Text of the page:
All leukemias (leukemia) are divided into two types – acute and chronic. This division is due to the different ability of leukemias to grow and develop proliferating cells.

With acute leukemia, the development of cells is practically absent, a large number of immature cells accumulate in the blood at an early stage of development. This leads to the inhibition of normal hematopoiesis of all sprouts. Such signs are detected in the blood in more than 80% of cases.

Chronic leukemia produces a population of granulocyte cells that are growing, which gradually replace normal peripheral blood cells.

It should be noted that acute leukemia will never go to chronic and vice versa.


All leukocytes in the human body are divided into 2 types – granulocyte and agranulocyte (granular and non-granular), these two groups, in turn, are divided into eosinophils, basophils, neutrophils (granulocyte), and lymphocytes (B- and T-type) and monocytes (agranulocyte). In the process of maturation and development (differentiation), all cells undergo several stages, the first of which is the blast stage (lymphoblasts). Because of the bone marrow involvement by the tumor, the lymphocytes do not have enough time to develop in order to fully perform their protective functions. For the most part, in acute lymphoblastic leukemia, B-lymphocytes (approximately 85% of cases) are responsible for the formation of antibodies in the body. There are two types of acute lymphoblastic leukemia (ALL): B-linear and T-linear, depending on the type of cells – lymphoid progenitors.

Clinical symptoms of acute lymphoblastic leukemia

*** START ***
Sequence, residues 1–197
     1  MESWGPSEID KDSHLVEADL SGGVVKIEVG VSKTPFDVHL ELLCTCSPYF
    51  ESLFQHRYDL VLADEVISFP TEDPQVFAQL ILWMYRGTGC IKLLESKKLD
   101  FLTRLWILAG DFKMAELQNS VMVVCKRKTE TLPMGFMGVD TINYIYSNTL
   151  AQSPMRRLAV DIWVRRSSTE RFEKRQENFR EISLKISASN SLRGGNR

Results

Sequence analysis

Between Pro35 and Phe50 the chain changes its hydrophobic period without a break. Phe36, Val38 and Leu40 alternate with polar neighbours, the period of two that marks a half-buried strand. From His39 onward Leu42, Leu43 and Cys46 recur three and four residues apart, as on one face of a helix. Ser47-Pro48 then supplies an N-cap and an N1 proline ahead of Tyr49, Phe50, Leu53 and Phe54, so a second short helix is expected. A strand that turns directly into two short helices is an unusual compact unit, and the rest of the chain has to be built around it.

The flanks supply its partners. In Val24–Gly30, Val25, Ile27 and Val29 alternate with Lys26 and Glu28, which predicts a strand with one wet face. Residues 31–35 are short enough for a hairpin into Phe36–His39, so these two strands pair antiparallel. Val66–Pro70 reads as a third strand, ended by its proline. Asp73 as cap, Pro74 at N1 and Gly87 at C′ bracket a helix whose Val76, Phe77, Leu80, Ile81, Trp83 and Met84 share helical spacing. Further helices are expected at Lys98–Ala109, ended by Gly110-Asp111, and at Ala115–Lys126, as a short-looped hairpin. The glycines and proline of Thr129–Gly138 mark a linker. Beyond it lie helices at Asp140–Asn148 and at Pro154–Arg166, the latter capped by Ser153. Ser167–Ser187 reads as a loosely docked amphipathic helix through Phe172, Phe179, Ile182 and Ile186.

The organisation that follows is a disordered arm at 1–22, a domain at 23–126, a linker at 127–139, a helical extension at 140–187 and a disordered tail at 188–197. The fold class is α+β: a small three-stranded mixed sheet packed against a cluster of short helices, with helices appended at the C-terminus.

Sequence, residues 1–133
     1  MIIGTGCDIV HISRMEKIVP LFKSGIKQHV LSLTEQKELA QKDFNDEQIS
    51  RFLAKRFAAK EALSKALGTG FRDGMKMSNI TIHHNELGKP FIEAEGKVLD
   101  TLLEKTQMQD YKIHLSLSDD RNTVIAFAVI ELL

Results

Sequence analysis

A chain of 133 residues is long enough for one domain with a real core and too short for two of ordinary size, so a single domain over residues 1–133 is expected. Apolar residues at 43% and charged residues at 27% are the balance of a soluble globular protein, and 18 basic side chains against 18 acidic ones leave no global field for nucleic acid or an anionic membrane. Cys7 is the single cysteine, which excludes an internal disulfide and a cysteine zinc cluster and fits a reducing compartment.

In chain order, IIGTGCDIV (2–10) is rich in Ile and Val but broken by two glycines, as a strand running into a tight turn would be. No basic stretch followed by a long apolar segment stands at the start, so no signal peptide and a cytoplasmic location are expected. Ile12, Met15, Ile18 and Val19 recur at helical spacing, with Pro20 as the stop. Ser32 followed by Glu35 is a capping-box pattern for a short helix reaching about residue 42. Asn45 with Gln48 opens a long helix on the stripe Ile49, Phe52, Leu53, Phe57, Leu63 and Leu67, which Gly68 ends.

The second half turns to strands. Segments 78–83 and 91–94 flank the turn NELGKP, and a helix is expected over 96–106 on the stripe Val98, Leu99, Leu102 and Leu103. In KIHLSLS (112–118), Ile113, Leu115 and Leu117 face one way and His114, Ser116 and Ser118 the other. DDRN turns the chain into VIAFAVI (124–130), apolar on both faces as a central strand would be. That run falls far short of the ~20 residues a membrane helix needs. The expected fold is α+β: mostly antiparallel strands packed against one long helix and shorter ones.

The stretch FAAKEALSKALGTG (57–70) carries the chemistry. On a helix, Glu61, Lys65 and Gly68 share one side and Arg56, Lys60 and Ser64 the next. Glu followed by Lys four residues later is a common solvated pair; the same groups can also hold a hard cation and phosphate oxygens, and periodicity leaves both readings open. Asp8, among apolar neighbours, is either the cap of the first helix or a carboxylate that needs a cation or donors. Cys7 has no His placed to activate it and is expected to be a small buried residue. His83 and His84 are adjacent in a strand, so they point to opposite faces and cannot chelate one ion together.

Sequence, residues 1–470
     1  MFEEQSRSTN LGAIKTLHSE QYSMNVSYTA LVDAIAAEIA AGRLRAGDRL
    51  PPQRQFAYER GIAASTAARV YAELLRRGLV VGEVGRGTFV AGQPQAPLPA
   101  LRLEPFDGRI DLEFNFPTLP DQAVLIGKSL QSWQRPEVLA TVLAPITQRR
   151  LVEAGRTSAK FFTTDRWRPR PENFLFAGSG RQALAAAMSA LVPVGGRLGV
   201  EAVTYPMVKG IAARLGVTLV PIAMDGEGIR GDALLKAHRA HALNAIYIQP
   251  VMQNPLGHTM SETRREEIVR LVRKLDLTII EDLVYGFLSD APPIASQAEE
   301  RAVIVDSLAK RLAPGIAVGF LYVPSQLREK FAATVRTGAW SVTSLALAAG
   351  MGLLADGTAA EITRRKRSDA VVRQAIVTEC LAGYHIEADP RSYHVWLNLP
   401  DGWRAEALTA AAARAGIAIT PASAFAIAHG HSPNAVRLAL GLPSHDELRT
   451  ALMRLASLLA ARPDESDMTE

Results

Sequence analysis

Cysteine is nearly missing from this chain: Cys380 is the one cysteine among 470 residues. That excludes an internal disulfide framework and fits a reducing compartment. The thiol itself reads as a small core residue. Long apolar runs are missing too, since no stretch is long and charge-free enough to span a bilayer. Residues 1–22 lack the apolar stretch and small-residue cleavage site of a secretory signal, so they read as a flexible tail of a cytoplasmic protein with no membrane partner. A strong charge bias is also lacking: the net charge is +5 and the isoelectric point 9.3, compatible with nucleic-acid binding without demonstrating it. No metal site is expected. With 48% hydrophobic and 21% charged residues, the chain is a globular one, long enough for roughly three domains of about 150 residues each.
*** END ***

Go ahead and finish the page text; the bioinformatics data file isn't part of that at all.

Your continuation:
Syndrome of intoxication – weakness, fever, malaise, weight loss. Fever may also be associated with the presence of a bacterial, viral, fungal or protozoal (less common) infection, especially in children with neutropenia (less than 1500 neutrophils per 1 μl).

Hyperplastic syndrome – an increase in all groups of peripheral lymph nodes. Infiltration of the liver and spleen leads to their increase, which can be manifested by pain in the abdomen. There may be pain and aches in the bones due to leukemia infiltration of the periosteum and articular capsule and a tumor increase in the volume of the bone marrow. At the same time, on radiographs, it is possible to detect changes characteristic of leukemia infiltration, especially in tubular bones, near large joints.

Anemic syndrome – pallor, weakness, tachycardia, hemorrhage of the oral mucosa, hemorrhagic syndrome on the skin, pallor. Weakness occurs as a result of anemia and intoxication.

Hemorrhagic syndrome is associated with both thrombocytopenia and intravascular thrombosis (especially with hyperleukocytosis) and leads to the appearance of petechiae, ecchymoses on the skin and mucous membranes, hemorrhages, melena, vomiting with blood.

In boys, an initial increase in the testicles (5-30% of cases of primary ALL) can be detected. These are painless, dense, one- or two-sided infiltrates. Especially often it happens with hyperleukocytosis and T-cell variant of ALL.

Respiratory disorders associated with enlarged lymph nodes of the mediastinum, which can lead to respiratory failure. This feature is characteristic of the T-linear ALL.

There may appear hemorrhages in the retina of the eye, edema of the optic nerve. At an ophthalmoscopy leukemic plaques on an eyeground can be found out.

Because of the greatly reduced immunity, any skin damage is the focus of infection, paronychia, panaritium, infected insect bites and injection marks may appear.

Quite rare complications can be kidney damage as a result of infiltration (clinical manifestations may be absent) and exudate pericarditis due to impaired lymph flow between the endocardium and the epicardium.


Acute leukemia is a form of cancer that develops very quickly and during which the altered leukocytes accumulate in the blood and bone marrow. Acute leukemia can be of several types: lymphoblastic leukemia, which occurs most often in children, and granulocytic leukemia, which can be found most often in adults.

In the first case of leukemia, the changed leukocytes are collected in the bone marrow or lymph nodes, and in the case of granulocyte leukemia, leukocytes accumulate in the bone marrow.